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'B' Side Investors May Play a Little Longer

Some experts think the rear-end loads act as a disincentive to sell when a market heads south. But one thinks brokers' advice is a greater factor.

March 04, 1997|JERRY MORGAN

For the last couple of years, as investors threw hundreds of billions of dollars into stock mutual funds, many bought shares with "rear loads" from their brokers because they didn't want to pay upfront commissions.

Now, as many worry that a correction is starting or at least overdue on a long bull market, there are some who believe that investors holding rear-load shares, also called "B" shares, might be more likely to ride out a bad time than those who paid upfront.

"A" shares are the same portfolio of securities, but the commission is paid as a front load, reducing your investment by the amount of commission paid at purchase. For example, a $10,000 investment with a 5% commission would put only $9,500 to work for you.

With "B" shares, known also as contingent-deferred sales-charge shares, there is no upfront commission, so the entire $10,000 would be invested right away. But if you withdraw the money within a specified period, you pay an exit fee, based not only on your initial investment but also on any earnings. That commission often runs 6% if you withdraw in the first year, 5% in the second, then 1 percentage point less in each subsequent year. This acts as an incentive for people to stay in the funds. There are "C" and "D" shares, which have other wrinkles, but they are less common.

A major reason for the growing use of share classes is that brokerages and funds that charge high sales charges need ways to compete with the growing numbers of "no-load" funds that do not levy such charges. Some "B" shares can be essentially no-load if held long enough.

"Some of the data indicates that after the [1987] crash, B-share retention was pretty good," said Jessica Bibliowicz, executive vice president in charge of Smith Barney Mutual Funds. "It seems that investors didn't want to pay a commission on top of losing money, and they stick around. It is a source of discipline."

Bibliowicz said "B" shares, which account for about 10% of all mutual fund money, are attractive primarily because "investors don't want to pay upfront commissions. They want to see all their money go to work."

Joseph Clinard, a broker and financial planner in Melville, N.Y., and a partner in North Shore Capital Corp., said he urges clients to buy "B" shares for precisely that reason. "Psychologically, people don't want to see their money reduced by sales charges before they invest," he said. "And the B share money is there to stay and it is for longer terms."

That might be one reason. But Louis Harvey, president of Dalbar Inc., a Boston publisher that conducts mutual fund industry studies, said a survey on why people with "B" shares stayed in bond funds longer than those who held "A" shares during the 1994 bond fund debacle found that "the broker, not the investor, was the driver. It is really up to the broker to advise an investor to stay in. I don't know that being in B shares and facing a commission was a deterrent to getting out.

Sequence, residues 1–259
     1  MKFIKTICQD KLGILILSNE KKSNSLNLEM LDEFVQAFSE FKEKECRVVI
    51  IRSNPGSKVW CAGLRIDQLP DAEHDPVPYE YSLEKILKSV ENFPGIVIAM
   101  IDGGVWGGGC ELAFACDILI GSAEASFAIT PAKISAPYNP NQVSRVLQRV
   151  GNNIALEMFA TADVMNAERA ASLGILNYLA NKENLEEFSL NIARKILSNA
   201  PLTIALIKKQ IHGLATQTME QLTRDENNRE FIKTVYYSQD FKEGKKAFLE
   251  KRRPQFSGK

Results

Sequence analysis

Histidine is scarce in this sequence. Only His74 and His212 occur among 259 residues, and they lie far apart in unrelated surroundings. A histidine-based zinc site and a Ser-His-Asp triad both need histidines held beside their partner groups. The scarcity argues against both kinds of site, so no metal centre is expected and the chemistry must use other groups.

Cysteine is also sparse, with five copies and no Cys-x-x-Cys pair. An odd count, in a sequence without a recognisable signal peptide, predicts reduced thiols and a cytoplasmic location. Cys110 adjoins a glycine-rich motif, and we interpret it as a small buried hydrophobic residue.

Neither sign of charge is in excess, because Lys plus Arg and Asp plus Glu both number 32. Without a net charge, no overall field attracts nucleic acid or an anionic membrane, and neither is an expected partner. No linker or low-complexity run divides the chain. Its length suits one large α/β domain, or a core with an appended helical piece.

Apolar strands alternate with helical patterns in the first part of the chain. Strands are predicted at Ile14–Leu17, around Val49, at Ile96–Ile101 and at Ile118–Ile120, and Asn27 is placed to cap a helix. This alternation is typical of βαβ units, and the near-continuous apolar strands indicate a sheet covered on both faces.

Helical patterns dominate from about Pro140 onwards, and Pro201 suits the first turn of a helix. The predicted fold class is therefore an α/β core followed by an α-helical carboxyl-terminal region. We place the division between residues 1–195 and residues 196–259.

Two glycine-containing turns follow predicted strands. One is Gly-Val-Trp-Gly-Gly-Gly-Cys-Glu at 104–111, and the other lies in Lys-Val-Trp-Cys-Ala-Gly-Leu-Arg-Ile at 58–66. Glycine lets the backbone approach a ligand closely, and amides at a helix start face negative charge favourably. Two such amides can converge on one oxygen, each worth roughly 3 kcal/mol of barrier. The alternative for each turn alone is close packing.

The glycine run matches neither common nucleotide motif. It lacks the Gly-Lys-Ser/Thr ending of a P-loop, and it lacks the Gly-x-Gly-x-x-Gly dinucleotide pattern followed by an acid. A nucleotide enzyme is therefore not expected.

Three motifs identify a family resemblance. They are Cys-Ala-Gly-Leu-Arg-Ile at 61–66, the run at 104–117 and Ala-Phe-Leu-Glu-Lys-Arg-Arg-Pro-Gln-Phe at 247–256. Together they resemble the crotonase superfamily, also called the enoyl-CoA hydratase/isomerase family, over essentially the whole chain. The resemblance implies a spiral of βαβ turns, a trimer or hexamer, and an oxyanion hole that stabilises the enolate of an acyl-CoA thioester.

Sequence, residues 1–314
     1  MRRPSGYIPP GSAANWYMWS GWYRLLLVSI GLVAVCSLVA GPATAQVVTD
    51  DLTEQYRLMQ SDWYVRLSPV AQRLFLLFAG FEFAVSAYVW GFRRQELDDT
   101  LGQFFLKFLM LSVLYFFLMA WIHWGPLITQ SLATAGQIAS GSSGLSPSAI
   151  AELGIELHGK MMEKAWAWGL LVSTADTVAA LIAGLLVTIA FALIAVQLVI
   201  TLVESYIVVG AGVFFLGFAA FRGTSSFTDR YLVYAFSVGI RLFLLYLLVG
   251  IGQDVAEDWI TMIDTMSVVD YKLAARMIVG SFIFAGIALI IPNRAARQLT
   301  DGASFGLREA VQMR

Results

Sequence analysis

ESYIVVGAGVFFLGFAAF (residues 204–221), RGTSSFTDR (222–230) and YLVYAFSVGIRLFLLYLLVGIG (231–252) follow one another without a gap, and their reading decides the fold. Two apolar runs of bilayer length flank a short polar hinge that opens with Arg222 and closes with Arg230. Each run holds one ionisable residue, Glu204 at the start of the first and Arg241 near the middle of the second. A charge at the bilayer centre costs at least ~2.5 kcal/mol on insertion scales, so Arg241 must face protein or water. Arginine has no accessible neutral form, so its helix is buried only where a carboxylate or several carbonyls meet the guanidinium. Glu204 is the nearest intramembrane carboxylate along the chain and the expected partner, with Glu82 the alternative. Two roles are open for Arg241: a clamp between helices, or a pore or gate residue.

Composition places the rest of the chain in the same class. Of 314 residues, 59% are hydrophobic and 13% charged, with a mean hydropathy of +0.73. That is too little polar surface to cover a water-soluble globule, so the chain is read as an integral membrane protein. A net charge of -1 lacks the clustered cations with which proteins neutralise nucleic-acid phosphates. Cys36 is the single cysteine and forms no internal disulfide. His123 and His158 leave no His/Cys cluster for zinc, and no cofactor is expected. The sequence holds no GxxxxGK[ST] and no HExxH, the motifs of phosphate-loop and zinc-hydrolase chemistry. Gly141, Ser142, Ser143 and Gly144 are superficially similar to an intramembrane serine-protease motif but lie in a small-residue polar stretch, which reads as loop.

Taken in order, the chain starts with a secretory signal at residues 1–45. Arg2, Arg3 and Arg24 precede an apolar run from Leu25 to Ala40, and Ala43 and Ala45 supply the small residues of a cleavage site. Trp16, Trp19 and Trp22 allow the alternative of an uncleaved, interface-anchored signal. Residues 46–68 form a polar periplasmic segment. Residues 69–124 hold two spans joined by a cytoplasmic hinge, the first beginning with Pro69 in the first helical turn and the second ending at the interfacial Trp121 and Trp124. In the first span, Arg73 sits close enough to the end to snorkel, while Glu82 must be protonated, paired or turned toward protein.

"The conclusion we came to," Harvey said, "was that it seemed to be the broker's mind-set. Those who sold A shares seemed to have more of a trading mentality. Those who sold B shares sold them to investors who were more conservative, and they held them longer."

The difference for investors between A and B shares works this way: If you have $10,000 to invest and you buy a front-load fund with a 5% commission, you will invest only $9,500. If, in 1995, that fund grew 22% and then 19% more last year, that $9,500 would have grown to $13,792, a $4,292 gain. But $10,000 in "B" shares, fully invested, would be worth $14,518, a gain of $4,518.

However, if you had decided to clear out at the end of 1996 because you felt the market was going south, you would have paid a 5% commission on the "B" shares, which would be $726, not the $500 charged as the front-end commission. That is because the commission is based on the value of all your assets, including investment gains. So the commission is based on the whole $14,518, not just the $10,000.

How much would you end up with? Excluding the fund's expenses, you'd have $13,792, the same as with the front load. But you'd probably have paid more in expenses, too, since the 12b-1 marketing fee for "B" shares is about half a percentage point higher than for "A" shares.

Clinard pointed out, as did Bibliowicz, that there is a common way around the rear-end commission for "B" shareholders who decide to get out of equities: Transfer the money into the same fund company's money market or bond funds. There'll be no commission in that case because it is an exchange, not a redemption.

Keep in mind, however, that exchanges from fund to fund still involve a sale, which means you will owe tax on any profits. Consider it Uncle Sam's rear-end commission.

Jerry Morgan writes for Newsday in Long Island, N.Y. He can be reached via the Internet at

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